SMART Breeding: Growing the next elite strain

 Legalization and new techniques in cannabinoid science usher in a new age of marijuana. Photo by Gracie Malley

Legalization and new techniques in cannabinoid science usher in a new age of marijuana. Photo by Gracie Malley

Excerpt from THIS BUD'S FOR YOU: Legal Marijuana--Selecting, Growing & Enjoying Cannabis by Timothy Anderson

Being a buyer at Harborside Health Center, a bustling medical cannabis dispensary in Oakland California, offers me the unique and unprecedented opportunity to view a diverse spectrum of cannabis of all varieties grown with countless different indoor and sungrown methodologies. But with more choices available than ever before, growing a strain that appeals to a wide range of cannabis consumers occurs only with the melding of art and science.

 In an era where it has become easier both legally and technologically for gardeners to cultivate cannabis, the amount of product available in markets like ours is immense but repetitious. Photo by Gracie Malley

In an era where it has become easier both legally and technologically for gardeners to cultivate cannabis, the amount of product available in markets like ours is immense but repetitious. Photo by Gracie Malley

Having access to excellent genetics is as easy as strolling into the local dispensary to choose a strain either from racks overflowing with verdant clones or seed catalogs that are large as the ones in the Netherlands. Although their choices are myriad, growers gravitate toward the most well-known or popular strains and mostly ignore the rest. The result is that both large commercial cultivators striving for dependable and bulletproof plants and newbie growers who only grew a few clones are likely to have similar strains.

Access to desirable genetics for both high-level cultivators and novice growers has become more and more equal. For example, the variety Gorilla Glue #4 went from being exclusive and highly desired to market saturation in a period of less than two years. Compare that to the previous crazes like Girl Scout Cookies, which took several years to reach a wide availability for the Chem/OG/Sour family, which remained tightly controlled for a decade becoming widely cultivated. The days of $1,000 OG Kush clones are not yet a distant memory. It is fairly easy to correlate this access with both the legal tolerance of dispensaries as well as the cannabis community’s vigorous networking on online forums, and we can only expect the rate of cycling from “rare” to “available” to increase rather than decrease.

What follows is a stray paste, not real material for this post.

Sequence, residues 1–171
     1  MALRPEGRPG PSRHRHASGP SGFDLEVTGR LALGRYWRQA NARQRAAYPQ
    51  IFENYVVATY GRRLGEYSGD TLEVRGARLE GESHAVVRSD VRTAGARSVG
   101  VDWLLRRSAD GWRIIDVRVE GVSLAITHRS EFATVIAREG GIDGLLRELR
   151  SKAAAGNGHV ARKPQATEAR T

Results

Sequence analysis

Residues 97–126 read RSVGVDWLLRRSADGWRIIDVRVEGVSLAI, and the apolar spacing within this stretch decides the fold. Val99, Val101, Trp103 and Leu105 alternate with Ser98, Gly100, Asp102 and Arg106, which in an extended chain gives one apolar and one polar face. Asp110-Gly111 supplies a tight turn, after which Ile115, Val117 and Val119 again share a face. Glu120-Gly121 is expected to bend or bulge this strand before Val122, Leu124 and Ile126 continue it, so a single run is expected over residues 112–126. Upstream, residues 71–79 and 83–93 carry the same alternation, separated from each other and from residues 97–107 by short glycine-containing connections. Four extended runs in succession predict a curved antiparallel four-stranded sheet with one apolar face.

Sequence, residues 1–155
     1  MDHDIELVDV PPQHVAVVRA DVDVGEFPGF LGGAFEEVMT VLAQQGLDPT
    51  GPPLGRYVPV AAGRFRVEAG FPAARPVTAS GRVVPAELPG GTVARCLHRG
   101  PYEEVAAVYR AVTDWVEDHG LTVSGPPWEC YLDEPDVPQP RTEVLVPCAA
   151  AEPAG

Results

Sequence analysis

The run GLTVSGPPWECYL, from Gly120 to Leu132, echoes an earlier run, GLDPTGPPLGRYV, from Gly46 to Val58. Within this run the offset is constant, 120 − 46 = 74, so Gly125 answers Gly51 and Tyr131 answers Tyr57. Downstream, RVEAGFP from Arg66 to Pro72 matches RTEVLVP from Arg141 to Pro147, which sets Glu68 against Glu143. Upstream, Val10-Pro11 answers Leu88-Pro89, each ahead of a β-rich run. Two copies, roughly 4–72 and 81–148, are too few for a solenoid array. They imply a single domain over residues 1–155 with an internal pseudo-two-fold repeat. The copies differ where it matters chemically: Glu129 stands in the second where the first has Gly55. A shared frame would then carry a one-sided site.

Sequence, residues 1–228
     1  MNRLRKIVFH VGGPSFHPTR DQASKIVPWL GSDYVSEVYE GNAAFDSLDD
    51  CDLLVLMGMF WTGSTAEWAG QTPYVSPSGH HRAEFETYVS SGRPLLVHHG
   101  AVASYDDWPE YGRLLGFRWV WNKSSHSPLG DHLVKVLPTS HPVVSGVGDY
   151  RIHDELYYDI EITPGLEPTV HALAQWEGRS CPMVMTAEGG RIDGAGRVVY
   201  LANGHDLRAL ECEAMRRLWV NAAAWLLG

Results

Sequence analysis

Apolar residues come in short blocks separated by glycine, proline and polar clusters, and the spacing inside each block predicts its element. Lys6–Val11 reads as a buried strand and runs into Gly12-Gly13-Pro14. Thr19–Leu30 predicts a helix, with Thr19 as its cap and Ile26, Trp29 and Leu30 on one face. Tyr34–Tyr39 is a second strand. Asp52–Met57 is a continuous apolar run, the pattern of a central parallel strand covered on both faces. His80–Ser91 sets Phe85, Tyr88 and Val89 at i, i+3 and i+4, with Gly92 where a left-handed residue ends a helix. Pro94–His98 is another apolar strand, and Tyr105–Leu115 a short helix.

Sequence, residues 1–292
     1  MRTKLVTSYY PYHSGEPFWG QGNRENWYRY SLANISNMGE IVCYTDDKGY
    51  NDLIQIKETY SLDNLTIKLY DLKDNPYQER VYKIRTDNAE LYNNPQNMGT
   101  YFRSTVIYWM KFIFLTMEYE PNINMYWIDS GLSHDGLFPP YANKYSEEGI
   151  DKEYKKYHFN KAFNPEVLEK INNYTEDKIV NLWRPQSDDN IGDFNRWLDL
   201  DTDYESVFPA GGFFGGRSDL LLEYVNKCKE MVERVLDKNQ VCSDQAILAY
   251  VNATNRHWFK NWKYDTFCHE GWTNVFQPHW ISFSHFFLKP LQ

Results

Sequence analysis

Cultivators frequently ask me what they should grow to guarantee a niche on our shelves, and my answer frequently disappoints: “Something we don’t see all the time.” It should be no surprise that growing from seed is the best way to do this, allowing the grower to pick a phenotype that is both unique and all their own, at least until the grower gives someone else the cutting. Wide retail access to reliable clones in legal states has done much to dampen cultivators’ interest in sprouting seeds — let alone saving a male to make their own hybrids — and that has much to do with this slump of diversity in the current marketplace as well.

 It would not be surprising to see future combinations of modern pre-potent varieties and older, unexplored landraces as breeders search for the promise of new offerings. Photo by Gracie Malley.

It would not be surprising to see future combinations of modern pre-potent varieties and older, unexplored landraces as breeders search for the promise of new offerings. Photo by Gracie Malley.

The monotonies are easing up a bit. At Harborside the Chems, Cookies and purple Indicas remain the best sellers but hybrids of older African landrace varieties such as Red Congolese and Nigerian Silk have gained popularity and have both modern THC potency levels as well as unique terpene sets. The return to older gene pools is where the search for newness often takes us.

The most interesting development: the hyper evolution of cannabis concentrates. This brought about a “second coming” of hashish culture albeit in a new and modern form. Cannabis concentrates are more popular than ever, and the diversity of type continues to multiply. The potency and purity of these concentrates is greater than previously available because extractors have better access to both high-quality input product and cutting-edge technology.

 The future promises many surprises for cannabis users. Photo by Nadim Sabella Photography.

The future promises many surprises for cannabis users. Photo by Nadim Sabella Photography.